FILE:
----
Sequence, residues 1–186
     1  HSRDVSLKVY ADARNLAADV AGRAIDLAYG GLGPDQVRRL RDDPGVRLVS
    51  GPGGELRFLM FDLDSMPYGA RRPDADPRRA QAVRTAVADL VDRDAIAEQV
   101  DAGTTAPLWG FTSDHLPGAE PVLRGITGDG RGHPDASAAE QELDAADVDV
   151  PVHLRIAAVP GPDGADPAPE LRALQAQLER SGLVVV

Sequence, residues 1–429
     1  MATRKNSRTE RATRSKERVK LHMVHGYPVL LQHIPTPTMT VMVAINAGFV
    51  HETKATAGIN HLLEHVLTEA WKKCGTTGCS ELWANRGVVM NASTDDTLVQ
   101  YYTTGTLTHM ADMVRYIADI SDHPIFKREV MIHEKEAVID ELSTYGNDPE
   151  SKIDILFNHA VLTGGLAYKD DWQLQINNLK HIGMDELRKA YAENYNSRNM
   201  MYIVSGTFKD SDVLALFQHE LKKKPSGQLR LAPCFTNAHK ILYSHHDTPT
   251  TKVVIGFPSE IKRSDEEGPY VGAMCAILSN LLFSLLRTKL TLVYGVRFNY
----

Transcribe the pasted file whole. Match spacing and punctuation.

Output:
Sequence, residues 1–186
     1  HSRDVSLKVY ADARNLAADV AGRAIDLAYG GLGPDQVRRL RDDPGVRLVS
    51  GPGGELRFLM FDLDSMPYGA RRPDADPRRA QAVRTAVADL VDRDAIAEQV
   101  DAGTTAPLWG FTSDHLPGAE PVLRGITGDG RGHPDASAAE QELDAADVDV
   151  PVHLRIAAVP GPDGADPAPE LRALQAQLER SGLVVV

Sequence, residues 1–429
     1  MATRKNSRTE RATRSKERVK LHMVHGYPVL LQHIPTPTMT VMVAINAGFV
    51  HETKATAGIN HLLEHVLTEA WKKCGTTGCS ELWANRGVVM NASTDDTLVQ
   101  YYTTGTLTHM ADMVRYIADI SDHPIFKREV MIHEKEAVID ELSTYGNDPE
   151  SKIDILFNHA VLTGGLAYKD DWQLQINNLK HIGMDELRKA YAENYNSRNM
   201  MYIVSGTFKD SDVLALFQHE LKKKPSGQLR LAPCFTNAHK ILYSHHDTPT
   251  TKVVIGFPSE IKRSDEEGPY VGAMCAILSN LLFSLLRTKL TLVYGVRFNY